The Happy Camper: Canoeing Canada’s Mississippi River, Part 1

In the mid 1990s, I was working on a paddler’s guidebook for Ontario—Up The Creek—and I figured the Mississippi River would make a good chapter. Not the one that Mark Twain wrote about in the southern US, but the Mississippi that twists its way through southeast Ontario. Yes, Canada has its own Mississippi River. The waterway was the first canoe route to be promoted in Canada’s Book of Recreational Canoe Routes way back in 1910. The Mississippi Valley Conservation Authority had a pamphlet explaining the rapids and portages down the full length of the river, from Bon Echo Provincial Park on Mazinaw Lake to the Ottawa River—a length of just over 200 kilometres. It sounded all too perfect to explore.

I got to the third portage of the trip, a mere half a day into the eight-day journey, when I was stopped by a disgruntled landowner. He had laid barbed wire, ankle high, along the portage, held down by numerous ‘no trespassing’ signs, as well as a few slabs of plywood spray-painted with intimidating threats towards paddlers. I noticed him standing on his cottage porch, just downriver and up on a hill, so I gave him friendly wave. He gave me the index finger and yelled profanity at me.

More than a little distraught, and feeling defeated, I paddled and portaged back to my car and went off looking for a less conflicting canoe route to write about.

That encounter ate away at me for years. Seriously! How could one person refuse another’s right to paddle and portage down a river in Canada, a waterway that had been promoted as a recreational canoe route since 1910—not to mention travelled by Indigenous peoples for well over a thousand years prior to that?

Interestingly enough, the history behind Canada’s Navigable Waters Protection Act began on Ontario’s Mississippi River. It was after the infamous “Lumbermen’s Feud” of 1882. Peter McLaren owned a lumber mill on the upper Mississippi River. To help flush his logs downstream, he constructed a series of timber slides on the river and some of its tributaries. Another mill owner, his rival Boyd Caldwell, took full advantage of McLaren’s work and attempted to drive his logs through the same slides. The feud went to fist and cuffs, and then to court. Caldwell made the claim to McLaren that no single person can own the navigable rights of a river, and that he had the full justification for his actions.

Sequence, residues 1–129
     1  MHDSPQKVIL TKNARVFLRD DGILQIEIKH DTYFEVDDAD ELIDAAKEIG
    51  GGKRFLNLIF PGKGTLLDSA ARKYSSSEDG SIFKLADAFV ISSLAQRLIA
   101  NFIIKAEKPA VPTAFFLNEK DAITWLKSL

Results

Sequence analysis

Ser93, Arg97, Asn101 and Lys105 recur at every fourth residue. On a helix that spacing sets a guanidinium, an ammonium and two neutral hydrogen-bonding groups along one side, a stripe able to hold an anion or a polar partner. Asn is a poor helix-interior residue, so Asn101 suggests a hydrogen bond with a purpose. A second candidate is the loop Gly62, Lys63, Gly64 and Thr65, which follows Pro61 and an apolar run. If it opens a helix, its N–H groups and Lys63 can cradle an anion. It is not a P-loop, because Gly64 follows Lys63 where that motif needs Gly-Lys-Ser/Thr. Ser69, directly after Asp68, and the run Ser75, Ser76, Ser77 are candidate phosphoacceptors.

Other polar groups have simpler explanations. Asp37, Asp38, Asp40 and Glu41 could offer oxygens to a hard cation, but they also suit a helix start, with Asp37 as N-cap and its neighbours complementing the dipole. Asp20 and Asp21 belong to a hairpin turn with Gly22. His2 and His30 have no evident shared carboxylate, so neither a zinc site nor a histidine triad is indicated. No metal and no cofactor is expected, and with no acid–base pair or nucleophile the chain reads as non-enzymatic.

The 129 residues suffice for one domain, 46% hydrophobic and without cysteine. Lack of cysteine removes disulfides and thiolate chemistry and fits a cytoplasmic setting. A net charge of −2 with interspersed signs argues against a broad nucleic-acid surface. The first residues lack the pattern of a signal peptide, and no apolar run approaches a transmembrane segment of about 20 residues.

Caldwell won! He established the principle in Canadian law that waterways are open to all, and that private interests cannot refuse passage to anyone if the waterway is navigable. The definition of a ‘navigable water’ was quite simply stated anywhere you can ‘float a canoe.’

A few decades later, with some wisdom and stubbornness built into my character over the years, I returned to Ontario’s Mississippi River to complete my 200-kilometre journey from Bon Echo Provincial Park on Mazinaw Lake to the Ottawa River—landowners be ‘dammed.’

A canoe trip down Ontario’s Mississippi River is a big deal. It’s a big river. The source of the Mississippi River drains out of Kilpecker Creek at the headwaters of northern Mazinaw Lake. It then drops 827 feet over what geologists label a ‘cleft’ between two ancient rock formations. Along the way, it tumbles over countless rapids and falls, through forested banks, lowland swamp, rolling farmland and quaint country hamlets. It grows in strength as it descends, drawing on 260 lakes and other river and creek systems (Indian, Clyde, Fall, Buckshot, Antoine, Cranberry…).

It may not be as mighty as Mark Twain’s Mississippi—but it sure has as much history and character.

Here’s the first of a video series I created about my incredible journey. Day one has my good canoe mate, Andy Baxter, and I beginning the trip by drifting by the 250 plus Indigenous pictographs along Mazinaw Lake at Bon Echo Provincial Park (the Algonquin people called the river “Pictured Waters”), then wading down ankle deep water of the not-so-mighty Mississippi (water levels were extremely low on the upper stretch) and then making camp at Kashwakamak Lake, part of North Frontenac Parklands. Thankfully, we managed to complete the day without any landowner disputes. In fact, we met some awfully friendly folks who were intrigued about our trip and eager to help us out.

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